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Archive for the ‘satellites’ category: Page 91

Feb 11, 2016

ViaSat to Launch Satellite to Provide 1 Terabit Internet Connection

Posted by in categories: internet, satellites

ViaSat plans to launch three satellites to provide 1 terabit per second internet connections to remote areas, aircraft, and maritime vehicles.

ViaSat, a US-based satellite company, has teamed up with Boeing to build three new satellites that will provide high-speed Internet to remote areas around the world. This joint project was announced two days ago. ViaSat is scheduled to launch its satellite ViaSat2 on a SpaceX Falcon 9 rocket in just a few months.

These three new satellites, named ViaSat3, will be carrying a total network capacity of a whopping 1 Terabit per second, triple the capacity of ViaSat2. It will be able to deliver 100 Mbps service to remote residential areas in the Americas, Asia, Europe, the Middle East and Africa.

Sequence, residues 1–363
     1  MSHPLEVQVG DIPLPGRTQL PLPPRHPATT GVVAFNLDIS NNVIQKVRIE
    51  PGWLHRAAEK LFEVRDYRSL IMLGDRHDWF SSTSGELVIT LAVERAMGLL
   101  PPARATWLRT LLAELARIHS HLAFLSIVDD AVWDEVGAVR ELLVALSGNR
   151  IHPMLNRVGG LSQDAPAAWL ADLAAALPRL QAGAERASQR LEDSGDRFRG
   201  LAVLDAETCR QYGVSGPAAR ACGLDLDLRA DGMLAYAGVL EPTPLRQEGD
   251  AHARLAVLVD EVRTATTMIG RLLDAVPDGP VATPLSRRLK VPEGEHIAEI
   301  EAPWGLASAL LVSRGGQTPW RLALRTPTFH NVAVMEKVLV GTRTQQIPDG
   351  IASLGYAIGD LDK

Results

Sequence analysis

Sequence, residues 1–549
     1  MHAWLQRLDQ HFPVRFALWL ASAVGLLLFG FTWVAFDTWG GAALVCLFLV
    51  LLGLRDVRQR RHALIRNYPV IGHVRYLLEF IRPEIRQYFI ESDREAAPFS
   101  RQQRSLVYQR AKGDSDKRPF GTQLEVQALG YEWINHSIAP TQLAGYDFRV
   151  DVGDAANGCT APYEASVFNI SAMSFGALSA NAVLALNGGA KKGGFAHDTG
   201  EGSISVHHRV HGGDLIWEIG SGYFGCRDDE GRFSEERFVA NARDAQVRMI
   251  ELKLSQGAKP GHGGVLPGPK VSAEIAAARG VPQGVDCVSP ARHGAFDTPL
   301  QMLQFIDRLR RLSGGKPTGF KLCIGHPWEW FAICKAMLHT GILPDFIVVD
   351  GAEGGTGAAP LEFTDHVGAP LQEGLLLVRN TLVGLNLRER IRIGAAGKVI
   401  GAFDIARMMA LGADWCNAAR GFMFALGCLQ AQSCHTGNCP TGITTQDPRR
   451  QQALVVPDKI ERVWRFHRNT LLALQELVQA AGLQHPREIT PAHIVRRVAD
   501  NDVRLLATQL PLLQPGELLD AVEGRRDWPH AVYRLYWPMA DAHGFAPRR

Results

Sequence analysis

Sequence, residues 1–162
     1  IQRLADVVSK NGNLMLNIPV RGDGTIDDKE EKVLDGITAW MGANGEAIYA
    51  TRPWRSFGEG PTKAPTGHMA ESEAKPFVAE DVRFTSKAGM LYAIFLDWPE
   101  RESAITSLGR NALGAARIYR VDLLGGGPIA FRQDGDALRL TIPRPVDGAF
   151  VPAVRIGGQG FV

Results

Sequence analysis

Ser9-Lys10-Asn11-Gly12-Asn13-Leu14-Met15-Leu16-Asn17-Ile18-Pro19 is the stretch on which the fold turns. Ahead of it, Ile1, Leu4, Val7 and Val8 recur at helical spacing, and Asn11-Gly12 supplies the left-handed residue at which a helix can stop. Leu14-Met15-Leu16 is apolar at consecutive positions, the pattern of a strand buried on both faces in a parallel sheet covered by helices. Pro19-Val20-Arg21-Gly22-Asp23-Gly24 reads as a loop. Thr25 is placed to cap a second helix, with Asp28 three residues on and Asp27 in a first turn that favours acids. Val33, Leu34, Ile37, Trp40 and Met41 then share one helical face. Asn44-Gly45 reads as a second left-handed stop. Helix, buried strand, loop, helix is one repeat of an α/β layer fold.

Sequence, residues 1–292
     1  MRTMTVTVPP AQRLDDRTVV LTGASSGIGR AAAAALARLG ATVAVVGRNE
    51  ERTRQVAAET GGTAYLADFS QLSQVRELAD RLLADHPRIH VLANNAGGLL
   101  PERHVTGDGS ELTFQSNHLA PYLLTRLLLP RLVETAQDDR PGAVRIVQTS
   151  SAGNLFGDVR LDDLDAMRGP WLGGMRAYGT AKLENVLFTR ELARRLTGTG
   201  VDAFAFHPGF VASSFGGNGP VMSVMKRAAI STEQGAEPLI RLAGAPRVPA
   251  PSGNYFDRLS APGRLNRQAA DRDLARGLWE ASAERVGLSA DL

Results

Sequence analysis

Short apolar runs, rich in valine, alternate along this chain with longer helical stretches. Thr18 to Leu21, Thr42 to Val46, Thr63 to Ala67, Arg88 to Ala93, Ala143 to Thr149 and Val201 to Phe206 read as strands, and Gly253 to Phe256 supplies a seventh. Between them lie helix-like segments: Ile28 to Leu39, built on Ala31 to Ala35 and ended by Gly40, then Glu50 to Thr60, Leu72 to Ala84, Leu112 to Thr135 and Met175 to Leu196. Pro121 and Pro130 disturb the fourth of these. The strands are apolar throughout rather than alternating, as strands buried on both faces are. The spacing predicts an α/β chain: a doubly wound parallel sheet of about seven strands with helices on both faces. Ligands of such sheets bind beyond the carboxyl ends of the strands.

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Feb 2, 2016

Warning Space Aliens: Earth’s UFO- Hunting Satellite Is Coming For You

Posted by in categories: alien life, satellites

It seems like every day, a video or image emerges that appears to show a UFO near the International Space Station. And it generally — OK, always — turns out not to be a UFO. It’s normally space debris, light reflections from the station windows, an antenna attached to the station, etc.

But wouldn’t it be interesting if someone actually launched a satellite into Earth orbit (illustrated above), with the specific mission of trying to detect and prove unknown objects are actually out there?

Continue reading “Warning Space Aliens: Earth’s UFO- Hunting Satellite Is Coming For You” »

Feb 1, 2016

Made in Space & NanoRacks Sign Deal to Build & Deploy 3D Printed Satellites In Orbit

Posted by in categories: 3D printing, satellites, space, transportation

Made in Space and NanoRacks
Made In Space and NanoRacks have been making news lately with the announcement of partnerships to change the way objects are imagined and built off the planet, and now the companies have joined forces to provide a novel new service for CubeSat developers.

mmThey call it “Stash & Deploy,” and the service will leverage the NanoRacks heritage in CubeSat deployment and the capability of Made In Space to provide 3D printing capabilities and deliver – on-demand – satellite manufacturing, assembly, and deployment in the space environment.